Like most of my stories, Tainted Love was sparked by a sudden flash of “what if”. I have always been fascinated by people who work in industries that are, by some, considered to be somehow taboo. When one of my close friends admitted to having been a stripper in the United States, the cogs in my brain started turning and I was soon peppering her for all her “war” stories.
What really inspired me with my friend’s tale is how much of a rare Cinderella story it is. She was one of the lucky ones who used the money she earned while dancing to pay for her tertiary studies. But she also met and married her wonderful husband (and that is another fairy tale in itself, worthy of another novel).
The odd thing was, once I started researching the industry, I kept crossing paths with people who either are still dancing, or who have moved onto other work (burlesque, for instance). The industry in South Africa, where my novel is set, is vastly different from how things work in the States, for instance, so I had to spend a lot of time chatting to my local contacts to make sure I presented the scene with a degree of authenticity.
I’ve always been very open-minded when it comes to others’ life choices. So long as what they do doesn’t impinge on other folks’ freedom, I’m happy. If someone were to get involved in dancing, that’s their decision. I respect them for their courage to get up on stage and bare all. I know for a fact I couldn’t do that and have absolutely no desire to give it a try. I’ve done a bit of belly-dancing and that’s where it ends! I’m about as coordinated as an elephant on mushrooms so I’m quite happy to leave the graceful stuff to the folks who’re adept at making it sexy.
I’m not going go on about this being a “noble” profession or try to glorify it in any way. I don’t have the necessary experience to make that kind of judgment call. It’s a profession, like any other, and the women (and men) who consider a career as professional erotic dancers have to go to great lengths to look after their bodies while they are still young enough to make it look good and make money. It’s not just about jumping up on stage and wiggling body parts. I respect dancers who make a success of their work. They have to put a lot of effort into it.
Apart from speaking to a number of dancers before I set out to write Tainted Love, I spent many, many hours reading. Diablo Cody’s Candy Girl provided some background information I fleshed out by reading the testimonies of a number of erstwhile dancers. I wanted to understand why women would consider this as an option, how they felt about their work, how it changed them and how other people perceived them. It was a humbling experience, to say the least. While I’ll never know how it is, I will never say anything bad about someone who is working or who has worked as a stripper. The reasons people enter the industry are many and varied. For those who are good at it, it’s easy money, but it’s also easy come, easy go.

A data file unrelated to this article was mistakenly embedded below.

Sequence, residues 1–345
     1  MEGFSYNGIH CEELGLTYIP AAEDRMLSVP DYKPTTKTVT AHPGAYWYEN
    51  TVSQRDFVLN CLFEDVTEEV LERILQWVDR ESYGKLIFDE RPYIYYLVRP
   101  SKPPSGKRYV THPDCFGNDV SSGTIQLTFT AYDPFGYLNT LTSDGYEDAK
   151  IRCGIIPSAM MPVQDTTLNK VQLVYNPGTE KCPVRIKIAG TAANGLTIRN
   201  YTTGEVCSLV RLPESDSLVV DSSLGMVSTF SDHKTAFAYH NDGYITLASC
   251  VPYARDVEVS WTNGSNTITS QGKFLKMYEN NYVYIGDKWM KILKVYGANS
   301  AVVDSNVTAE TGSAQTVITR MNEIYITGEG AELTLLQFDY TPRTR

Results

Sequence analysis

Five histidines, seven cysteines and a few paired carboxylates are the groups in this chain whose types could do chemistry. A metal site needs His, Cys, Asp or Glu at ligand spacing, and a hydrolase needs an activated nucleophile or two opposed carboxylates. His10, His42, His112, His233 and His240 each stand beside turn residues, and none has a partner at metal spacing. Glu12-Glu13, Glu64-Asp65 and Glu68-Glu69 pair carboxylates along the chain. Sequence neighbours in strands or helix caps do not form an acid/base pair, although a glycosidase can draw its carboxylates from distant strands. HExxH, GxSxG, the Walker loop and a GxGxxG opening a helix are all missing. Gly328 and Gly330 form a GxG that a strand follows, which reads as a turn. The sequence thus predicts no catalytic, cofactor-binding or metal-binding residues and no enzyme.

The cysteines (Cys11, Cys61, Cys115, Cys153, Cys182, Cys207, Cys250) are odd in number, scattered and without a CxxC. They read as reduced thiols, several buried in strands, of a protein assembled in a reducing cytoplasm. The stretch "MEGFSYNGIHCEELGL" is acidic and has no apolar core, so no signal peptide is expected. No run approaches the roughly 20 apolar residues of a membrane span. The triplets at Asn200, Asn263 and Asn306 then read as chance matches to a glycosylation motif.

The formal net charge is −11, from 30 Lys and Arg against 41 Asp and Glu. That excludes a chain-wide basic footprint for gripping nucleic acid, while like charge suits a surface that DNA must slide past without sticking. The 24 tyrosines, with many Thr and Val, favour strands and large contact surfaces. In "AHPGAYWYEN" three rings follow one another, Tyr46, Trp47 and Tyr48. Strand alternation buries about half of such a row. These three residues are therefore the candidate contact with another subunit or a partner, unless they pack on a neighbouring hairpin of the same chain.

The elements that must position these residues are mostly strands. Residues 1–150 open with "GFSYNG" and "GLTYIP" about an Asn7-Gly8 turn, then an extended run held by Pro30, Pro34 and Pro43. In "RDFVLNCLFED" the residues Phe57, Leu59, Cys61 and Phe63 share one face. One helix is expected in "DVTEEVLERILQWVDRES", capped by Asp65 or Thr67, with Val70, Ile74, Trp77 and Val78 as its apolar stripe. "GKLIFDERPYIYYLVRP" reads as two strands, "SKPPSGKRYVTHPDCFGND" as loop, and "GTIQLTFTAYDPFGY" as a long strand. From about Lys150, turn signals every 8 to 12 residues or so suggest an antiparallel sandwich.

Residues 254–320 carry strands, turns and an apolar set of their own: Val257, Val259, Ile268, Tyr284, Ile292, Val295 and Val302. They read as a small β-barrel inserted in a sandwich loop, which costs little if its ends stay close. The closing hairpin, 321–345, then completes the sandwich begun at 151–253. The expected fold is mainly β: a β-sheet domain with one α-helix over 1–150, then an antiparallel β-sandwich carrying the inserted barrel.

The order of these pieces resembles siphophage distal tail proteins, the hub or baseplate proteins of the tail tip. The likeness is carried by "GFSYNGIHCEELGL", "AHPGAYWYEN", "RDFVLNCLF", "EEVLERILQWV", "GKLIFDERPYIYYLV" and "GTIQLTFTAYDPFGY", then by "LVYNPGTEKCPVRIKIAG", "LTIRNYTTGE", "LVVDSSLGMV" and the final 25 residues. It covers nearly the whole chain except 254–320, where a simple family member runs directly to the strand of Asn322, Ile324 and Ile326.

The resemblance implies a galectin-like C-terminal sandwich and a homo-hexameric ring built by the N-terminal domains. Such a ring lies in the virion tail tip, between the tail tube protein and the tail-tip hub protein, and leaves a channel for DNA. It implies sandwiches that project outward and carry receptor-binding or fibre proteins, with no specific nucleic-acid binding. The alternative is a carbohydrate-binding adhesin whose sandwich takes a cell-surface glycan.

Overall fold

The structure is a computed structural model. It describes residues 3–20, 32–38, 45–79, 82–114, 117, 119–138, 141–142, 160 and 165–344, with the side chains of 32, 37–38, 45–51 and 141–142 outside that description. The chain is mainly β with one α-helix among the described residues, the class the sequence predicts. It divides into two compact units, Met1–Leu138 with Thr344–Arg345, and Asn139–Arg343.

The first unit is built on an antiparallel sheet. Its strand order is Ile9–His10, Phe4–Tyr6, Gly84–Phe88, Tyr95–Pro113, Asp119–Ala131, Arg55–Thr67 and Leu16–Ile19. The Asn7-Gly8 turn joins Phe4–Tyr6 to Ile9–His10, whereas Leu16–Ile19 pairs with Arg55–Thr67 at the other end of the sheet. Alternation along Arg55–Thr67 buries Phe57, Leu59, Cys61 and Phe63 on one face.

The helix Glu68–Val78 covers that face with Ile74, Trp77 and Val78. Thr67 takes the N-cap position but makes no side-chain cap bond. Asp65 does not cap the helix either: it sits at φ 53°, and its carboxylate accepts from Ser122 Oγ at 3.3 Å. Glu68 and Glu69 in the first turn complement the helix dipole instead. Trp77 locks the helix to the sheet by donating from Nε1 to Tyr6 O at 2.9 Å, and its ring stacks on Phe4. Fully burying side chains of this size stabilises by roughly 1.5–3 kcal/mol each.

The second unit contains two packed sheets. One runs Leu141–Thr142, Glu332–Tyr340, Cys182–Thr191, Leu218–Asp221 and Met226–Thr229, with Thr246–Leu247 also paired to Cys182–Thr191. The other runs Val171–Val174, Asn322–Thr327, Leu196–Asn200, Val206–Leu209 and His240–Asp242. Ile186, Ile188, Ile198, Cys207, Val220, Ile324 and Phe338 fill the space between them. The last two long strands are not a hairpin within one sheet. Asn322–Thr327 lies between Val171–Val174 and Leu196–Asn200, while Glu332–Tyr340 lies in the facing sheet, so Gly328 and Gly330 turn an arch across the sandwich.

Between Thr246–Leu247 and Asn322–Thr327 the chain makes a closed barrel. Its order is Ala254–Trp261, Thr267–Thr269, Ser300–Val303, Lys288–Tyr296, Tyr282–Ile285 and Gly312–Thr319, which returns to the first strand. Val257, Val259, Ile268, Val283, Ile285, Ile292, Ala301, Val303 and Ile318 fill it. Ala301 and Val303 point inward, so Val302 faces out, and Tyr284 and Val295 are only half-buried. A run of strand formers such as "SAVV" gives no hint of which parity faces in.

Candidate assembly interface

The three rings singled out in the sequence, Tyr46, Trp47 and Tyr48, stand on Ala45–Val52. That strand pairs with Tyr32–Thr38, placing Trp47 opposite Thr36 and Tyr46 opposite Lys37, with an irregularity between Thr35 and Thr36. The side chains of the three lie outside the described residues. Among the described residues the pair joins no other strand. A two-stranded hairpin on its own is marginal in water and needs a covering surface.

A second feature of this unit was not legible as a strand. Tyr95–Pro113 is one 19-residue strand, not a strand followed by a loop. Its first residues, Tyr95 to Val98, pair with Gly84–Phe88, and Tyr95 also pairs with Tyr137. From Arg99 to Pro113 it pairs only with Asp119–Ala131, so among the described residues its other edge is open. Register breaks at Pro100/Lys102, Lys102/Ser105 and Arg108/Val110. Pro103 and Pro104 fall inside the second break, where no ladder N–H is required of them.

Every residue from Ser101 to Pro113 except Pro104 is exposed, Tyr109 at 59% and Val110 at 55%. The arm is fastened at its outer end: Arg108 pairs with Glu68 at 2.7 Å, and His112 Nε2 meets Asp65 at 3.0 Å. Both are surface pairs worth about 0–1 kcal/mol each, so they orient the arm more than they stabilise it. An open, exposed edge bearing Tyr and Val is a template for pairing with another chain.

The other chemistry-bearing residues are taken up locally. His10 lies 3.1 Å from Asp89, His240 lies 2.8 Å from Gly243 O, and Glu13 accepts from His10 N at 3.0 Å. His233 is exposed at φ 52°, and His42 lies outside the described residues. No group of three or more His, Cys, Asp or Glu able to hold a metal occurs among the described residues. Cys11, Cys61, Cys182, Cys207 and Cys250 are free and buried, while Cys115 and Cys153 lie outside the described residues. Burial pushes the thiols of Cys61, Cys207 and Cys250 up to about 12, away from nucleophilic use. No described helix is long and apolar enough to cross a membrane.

Tainted Love is a bit of make-believe on my part, a modern-day fairy tale about the good girl who learns to let go sexually and who discovers her sensuality. The love interest, to a degree, has played power games with women his entire life until one day a woman begins to toy with him, and he has to commit or spend the rest of his life wondering “what if”. Neither are particularly strong people, and I don’t believe in characters who are wholly good or bad.
They are ordinary folks in a somewhat out of the ordinary situation, who find love. Whether this love lasts is another matter entirely. I prefer leaving these questions to readers’ imaginations.
As for the setting, I’m a firm believer of “write what you know”. I’ve lived in Cape Town, South Africa, my entire life. It is a melting pot of cultures, both European, Middle Eastern, Asian and African, and I hope to provide my US and UK readers with a taste of the exotic. While you may not be able to afford that first trip to Africa just yet, you’re invited to step into my world for a quick taste.
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Follow my blog at: http://vonwillegen.blogspot.com
Read an excerpt here: http://www.bookstrand.com/tainted-love
My next novel, Hell’s Music, has just been contracted to Lyrical Press, with a tentative release date set for September 2011.
Loved this post, Therese! I really feel as though everyone should do what they want or have to without apology. A good life is a life without having to be embarassed or ashamed of your experiences. Most people go through this life doing what feels right to them at the time, who are the rest of us to judge when that person is neither hurting nor upsetting anyone. Power to our strippers, I say!
What do you think? Therese and I would love to talk about this...